The BP trials seem to be nearing an end, but there's still more going on in the Gulf.  Low oil prices have cut back on activity, but there's still a good amount going on.  Many companies are keeping a robust exploration and production program in place because the Gulf of Mexico is a very stable region, with relatively large reserves still out there, with a major upside if oil prices rebound.  In the US leases, the royalty is a flat percentage (~18%) no matter what the oil prices are.  Overseas, if oil prices rise, other countries take a much higher royalty when prices spike (upwards of 90+%).  In the US, this is a big draw for oil companies and the US government might not be maximizing revenues, but does have the benefit of shifting most of the risk onto the oil companies (see Nigeria and Saudi Arabia's budget mess).  

Two items of interest I'll highlight right now.

First, there's ATP's Gomez Disaster (Mississippi Canyon block 711).  Nobody has been hurt and there's been relatively modest environmental damage, but it's a huge screwup
in Deepwater GoM that's costing investors a lot of money. ATP was an independent operator in the GoM. They took on debt, converted an old drilling rig into an FPU and drill some Deepwater wells. Welp, after spending all the cash, they have zilch to show for it. ATP is in bankruptcy hiding from hundreds of millions in liabilities and they don't even have the cash to make payroll (while blaming everything on the drilling moratorium). ATP's situation has gotten a little bit of press, but not all that much in comparison to how big a collapse it is.  That first Motley Fool article explicitly calls for a criminal investigation of management for robbing investors blind.  Recently, their star asset, Gomez Hub / ATP Innovator Semisubmersible was ignominiously towed back to Ingleside, TX for safety.   ATP, doing things on the cheap, bought an old drilling rig built in Texas in 1976 for $60 million, stripped the drilling equipment off, added production equipment, and moored it in 3,000 feet of water to start production.  Then everything went to hell.  They were gig'd for illegally discharging oily water into the gulf.  Their produced water treating system seemed to be nonfunctional and they just dumped oily produced water into the Gulf (along with copious quantities of dispersant to cover things up) and limped along for a short time before they were caught.  ATP got so desperate they even abandoned the platform completely at one point (anyone want to be an oil platform pirate?).  How can you blow $2 Billion and have basically nothing to show for it?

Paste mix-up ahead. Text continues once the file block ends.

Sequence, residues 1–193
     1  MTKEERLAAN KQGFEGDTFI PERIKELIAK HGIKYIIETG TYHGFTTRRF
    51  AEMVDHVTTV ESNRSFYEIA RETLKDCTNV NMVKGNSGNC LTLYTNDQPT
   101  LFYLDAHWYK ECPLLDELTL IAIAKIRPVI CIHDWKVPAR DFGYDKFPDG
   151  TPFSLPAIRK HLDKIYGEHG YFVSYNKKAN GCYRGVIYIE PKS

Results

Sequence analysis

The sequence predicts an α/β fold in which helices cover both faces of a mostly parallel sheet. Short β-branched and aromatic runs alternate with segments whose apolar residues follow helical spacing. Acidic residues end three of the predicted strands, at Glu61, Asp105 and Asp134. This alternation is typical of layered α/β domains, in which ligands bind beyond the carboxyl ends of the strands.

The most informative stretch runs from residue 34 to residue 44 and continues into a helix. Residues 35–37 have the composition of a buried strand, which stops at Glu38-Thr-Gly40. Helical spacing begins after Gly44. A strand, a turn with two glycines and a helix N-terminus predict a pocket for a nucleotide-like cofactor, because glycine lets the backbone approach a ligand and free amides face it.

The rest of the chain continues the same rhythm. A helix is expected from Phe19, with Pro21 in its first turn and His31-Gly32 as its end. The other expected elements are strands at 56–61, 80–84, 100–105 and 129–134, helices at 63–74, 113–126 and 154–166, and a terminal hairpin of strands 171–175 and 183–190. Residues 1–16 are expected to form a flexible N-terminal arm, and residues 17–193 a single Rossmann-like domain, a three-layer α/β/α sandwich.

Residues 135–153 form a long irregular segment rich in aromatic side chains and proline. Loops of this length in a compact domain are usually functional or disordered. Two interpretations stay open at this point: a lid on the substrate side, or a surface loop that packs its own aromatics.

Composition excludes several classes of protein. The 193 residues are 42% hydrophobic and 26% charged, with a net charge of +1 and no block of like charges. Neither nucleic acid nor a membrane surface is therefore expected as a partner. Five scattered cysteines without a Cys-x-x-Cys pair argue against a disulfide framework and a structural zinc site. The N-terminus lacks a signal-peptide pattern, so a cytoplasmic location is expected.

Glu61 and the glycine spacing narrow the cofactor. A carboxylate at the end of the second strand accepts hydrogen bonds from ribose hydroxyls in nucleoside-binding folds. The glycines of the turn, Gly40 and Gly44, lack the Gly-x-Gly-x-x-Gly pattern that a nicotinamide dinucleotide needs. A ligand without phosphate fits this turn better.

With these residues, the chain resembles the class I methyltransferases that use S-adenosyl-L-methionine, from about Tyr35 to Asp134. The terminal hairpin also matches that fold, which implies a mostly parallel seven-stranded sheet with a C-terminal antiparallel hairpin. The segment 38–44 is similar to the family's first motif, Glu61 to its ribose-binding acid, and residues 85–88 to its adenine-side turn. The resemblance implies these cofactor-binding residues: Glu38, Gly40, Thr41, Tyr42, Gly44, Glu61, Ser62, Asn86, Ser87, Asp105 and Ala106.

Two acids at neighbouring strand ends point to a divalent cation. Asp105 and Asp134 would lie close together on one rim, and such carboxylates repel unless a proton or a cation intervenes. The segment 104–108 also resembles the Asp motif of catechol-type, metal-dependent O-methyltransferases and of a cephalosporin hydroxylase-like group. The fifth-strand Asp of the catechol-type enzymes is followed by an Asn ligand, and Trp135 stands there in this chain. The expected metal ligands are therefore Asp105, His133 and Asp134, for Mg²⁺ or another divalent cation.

A second one to mention: Taylor Energy is going to host a forum on their attempts to staunch the flow of their Mississippi Canyon 20 facility that toppled in Katrina.  January 20th in Baton Rouge, if you want to attend.  If you can't attend, some of the slides have been posted and are pretty neat to flip through.  

Despite low oil prices, there's still plenty of activity in the Gulf!

Sunday, December 20, 2015

Saturday, December 12, 2015

Thoughts on the end of Graduate School

Is this thing still on?  So, I've been a wee bit busy lately, with work and school and family. 
The good news is that I'm finally done with my Master's. It's been a long, difficult journey, but I'm glad I did it. I've also been blessed with tons of support from my family.